Recently Joanne and I had dinner at one of our favorite restaurants. This restaurant opened last April – in the same location as a previously failed venture. They need an ongoing staff of about 35 people. In the 10 months since they have been open they have hired in excess of 850 people. That means some worked two weeks, some 30 days, and some left at their lunch break on the first day of work and never came back. (There is actually a name for that common phenomenon – it’s referred to as going to “the Burger King in the sky” – where someone goes to lunch and simply does not come back.) The server we request at this restaurant began there when they opened and has been there ever since. Now this is a guy who has a full time job at a local manufacturing plant – but he enjoys the environment in the restaurant – makes friends with those he serves and builds relationships with many people like Joanne and me. I was asking him about all the new staff every time we come in and he told us a little of the history I’ve related above. He also told us that at Christmastime he had the privilege of serving several company and family parties there. One in particular bears retelling here. A physician brought his staff in for their annual party. Of course he had made a reservation in advance and had requested Clay as their server. At the conclusion of the meal the physician left a generous $300 tip. On his way out after all details were completed he slipped Clay another $1000 for his exceptional service during the evening. So here’s a guy in the same environment as 850 others who came and went – confident that there was no real opportunity there. Some heard about a friend who made $100 in one night working at Chili’s. Others grew impatient with the demands of an unrealistic customer and walked off – not willing to be treated like that. But in the midst of that – one guy saw his own unique opportunity and has thrived in the same place.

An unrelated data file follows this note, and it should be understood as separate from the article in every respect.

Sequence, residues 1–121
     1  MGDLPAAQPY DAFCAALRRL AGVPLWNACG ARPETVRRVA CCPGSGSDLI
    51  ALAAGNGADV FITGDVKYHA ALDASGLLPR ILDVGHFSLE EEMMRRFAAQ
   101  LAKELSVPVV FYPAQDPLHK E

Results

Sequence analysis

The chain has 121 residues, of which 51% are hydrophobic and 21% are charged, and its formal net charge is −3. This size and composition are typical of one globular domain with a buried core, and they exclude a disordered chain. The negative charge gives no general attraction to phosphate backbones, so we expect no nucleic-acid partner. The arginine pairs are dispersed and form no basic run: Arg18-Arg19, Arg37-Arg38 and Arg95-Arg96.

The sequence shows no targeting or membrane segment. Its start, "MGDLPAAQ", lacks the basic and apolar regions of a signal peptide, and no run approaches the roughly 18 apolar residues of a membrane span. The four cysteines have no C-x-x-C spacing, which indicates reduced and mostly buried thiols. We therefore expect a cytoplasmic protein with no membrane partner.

That reminds me of another business story. A couple of years ago I talked to a guy after a seminar who had a landscape design and lawncare business. He complained bitterly about lack of access to working capital, the stupid customers who didn’t know what they wanted and then weren’t happy with the final plan, and their slowness in paying. A couple of weeks later he called me to tell me he had filed bankruptcy that morning and was closing his business. That same afternoon I happened to talk to my lawncare guy. He started his business with a sixth-grade education, bought his first truck for $600 and has grown his business carefully. He told me how he had just raised his prices 10% and did not lose even one customer – and how his customers give him great ideas. One had just offered to build a warehouse for him in exchange for future lawncare – and he wanted my advice on maybe having 4 apartments in the upper floor of that building that he could rent out to his own workers.
Both of these businessmen were operating right here in Williamson County – both had the same market conditions, the same customer pool and the same opportunity. Yet one was going bankrupt and one was thriving and expanding.
Do you get the sense that opportunity may not be an external thing? No, opportunity lies squarely between our own two ears. The apostle Paul told the Galatians: “Let every man prove his own work.” The Living Bible gives this passage a particularly colorful translation: “Let everyone be sure that he is doing his very best, for then he will have the personal satisfaction of work well done and won’t need to compare himself with someone else” (Gal. 6:3-4). This morning in an interview I heard Joe Polish share the common quotation, “Life gives to the giver and takes from the taker.” Make sure you’re giving beyond what is expected in your job or business. Life is just waiting to give you more.